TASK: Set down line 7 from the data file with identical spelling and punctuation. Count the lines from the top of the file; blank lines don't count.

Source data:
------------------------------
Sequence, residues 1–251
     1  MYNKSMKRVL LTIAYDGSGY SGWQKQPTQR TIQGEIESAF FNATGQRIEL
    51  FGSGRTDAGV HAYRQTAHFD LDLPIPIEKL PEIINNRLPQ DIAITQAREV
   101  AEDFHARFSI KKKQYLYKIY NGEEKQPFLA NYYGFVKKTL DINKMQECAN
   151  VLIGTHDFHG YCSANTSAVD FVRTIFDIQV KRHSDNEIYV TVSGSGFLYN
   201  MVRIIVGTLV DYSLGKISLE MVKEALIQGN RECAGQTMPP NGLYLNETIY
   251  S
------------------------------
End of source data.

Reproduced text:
   251  S